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   These are a few of the stories you will find in this week's printed newspaper:
  • Ebola preparedness: Could a deadly virus with its roots in West Africa find its way to Plumas County? The county’s three hospitals are preparing, just in case.
  • Candidates speak: With elections just days away, candidates for local public offices took part in forums and submitted answers to questions from the newspaper.
  • Remembering Grace: The family of an FRC student who died earlier this month said they were overwhelmed by the community’s support after the college held a vigil to remember their daughter.

College trustees vote to keep current boundaries

Mona Hill
Staff Writer
2/22/2012

 

Four Feather River Community College District trustees voted Thursday, Feb. 16, to retain the board’s at-large composition and trustee district boundaries. Trustee John Sheehan was absent.

The 2010 census revealed significant population shifts within the trustees’ individual districts. The law requires boards take action following a census if the population shift between districts is more than 10 percent.

Dr. Derek Lerch, interim chief instructional officer at Feather River College, GIS Planner Becky Osborn and Steve Allen, a former employee at the county’s planning department, presented the FRC board with three options in December 2011.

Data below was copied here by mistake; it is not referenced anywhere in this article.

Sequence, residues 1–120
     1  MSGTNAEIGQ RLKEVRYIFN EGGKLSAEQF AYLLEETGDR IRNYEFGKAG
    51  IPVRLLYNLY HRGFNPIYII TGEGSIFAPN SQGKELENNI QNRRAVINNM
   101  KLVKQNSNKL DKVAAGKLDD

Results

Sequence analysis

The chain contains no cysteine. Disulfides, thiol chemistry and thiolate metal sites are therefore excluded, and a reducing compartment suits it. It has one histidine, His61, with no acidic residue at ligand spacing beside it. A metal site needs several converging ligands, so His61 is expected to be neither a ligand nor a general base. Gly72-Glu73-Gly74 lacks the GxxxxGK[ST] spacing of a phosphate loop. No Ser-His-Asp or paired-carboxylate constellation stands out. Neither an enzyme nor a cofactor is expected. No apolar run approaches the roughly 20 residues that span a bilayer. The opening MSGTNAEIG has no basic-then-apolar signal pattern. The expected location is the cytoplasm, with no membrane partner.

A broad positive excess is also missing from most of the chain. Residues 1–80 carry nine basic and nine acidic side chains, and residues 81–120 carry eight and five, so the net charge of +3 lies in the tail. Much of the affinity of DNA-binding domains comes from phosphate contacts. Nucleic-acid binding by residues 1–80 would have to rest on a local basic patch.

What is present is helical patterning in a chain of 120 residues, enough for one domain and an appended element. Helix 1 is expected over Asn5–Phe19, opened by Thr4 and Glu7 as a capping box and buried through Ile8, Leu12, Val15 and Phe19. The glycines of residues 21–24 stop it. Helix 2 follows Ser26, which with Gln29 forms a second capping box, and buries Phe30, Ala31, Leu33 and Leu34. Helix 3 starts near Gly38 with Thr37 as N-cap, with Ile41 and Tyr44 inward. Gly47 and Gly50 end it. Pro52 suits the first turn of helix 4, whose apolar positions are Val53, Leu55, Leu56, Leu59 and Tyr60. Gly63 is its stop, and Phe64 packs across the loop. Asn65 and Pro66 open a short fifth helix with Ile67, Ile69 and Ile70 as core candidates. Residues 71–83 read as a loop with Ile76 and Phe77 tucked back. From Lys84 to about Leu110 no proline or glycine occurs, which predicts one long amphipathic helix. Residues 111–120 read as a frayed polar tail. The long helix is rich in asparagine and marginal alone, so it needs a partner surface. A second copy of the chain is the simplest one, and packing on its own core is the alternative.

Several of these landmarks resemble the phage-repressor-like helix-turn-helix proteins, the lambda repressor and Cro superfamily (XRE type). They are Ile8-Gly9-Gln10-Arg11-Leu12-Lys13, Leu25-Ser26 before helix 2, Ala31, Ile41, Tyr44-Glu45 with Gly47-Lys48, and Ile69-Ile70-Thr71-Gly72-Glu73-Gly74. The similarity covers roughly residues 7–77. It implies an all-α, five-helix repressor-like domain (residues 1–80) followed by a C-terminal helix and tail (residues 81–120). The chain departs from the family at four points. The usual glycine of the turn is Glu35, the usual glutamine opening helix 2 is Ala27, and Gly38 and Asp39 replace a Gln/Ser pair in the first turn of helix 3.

Options 1 and 2 would have adjusted the line between the Quincy and East Quincy districts with slightly different changes in the Portola, Graeagle and Whitehawk areas. Option 3 leaves the boundaries as they were.

While the law does not require the boundaries to change in at-large districts, legal counsel to the FRC board had cautioned that Option 3 could expose the college to litigation over inequities of minority representation in the district.

Because PUSD and FRCCD use the same district and trustee boundaries, the two boards discussed the matter as the options developed. Most recently, PUSD trustees Chris Russell and Bob Tuerck met Feb. 8 with FRCCD trustees John Schramel and John Sheehan.

Later the same day, the entire PUSD board met and the issue was on its agenda.

Tuerck, himself an attorney, questioned the strength of any legal threat and urged the PUSD board to investigate the matter further before voting.

In a later email, Tuerck said, “It does not appear that either the California Voting Rights Act or Federal Voting Rights Act would require PUSD/PCOE or FRC to change from the current ‘at large’ voting method.”

Because both are at-large districts, all county voters may vote for district board candidates regardless of the district the candidates represent. For example, a Portola resident may vote for a Chester representative and vice versa.

Such districts also give residents opportunities to contact any board member rather than a specific representative.

After discussion, Dr. Dana Ware’s motion to approve Option 1, seconded by John Schramel, failed.

FRCCD board president Bill Elliott said he had considered Options 1 and 3. He said that while Option 1 would redress the population imbalance, Option 3 would provide more geographically balanced representation. He said given the relatively small minority population in each trustee area, Option 3 seemed more logical to him.

Leah West then motioned to approve Option 3, which Schramel again seconded. The motion carried unanimously.

Subsequently, the trustees approved a resolution to maintain at-large elections.

 


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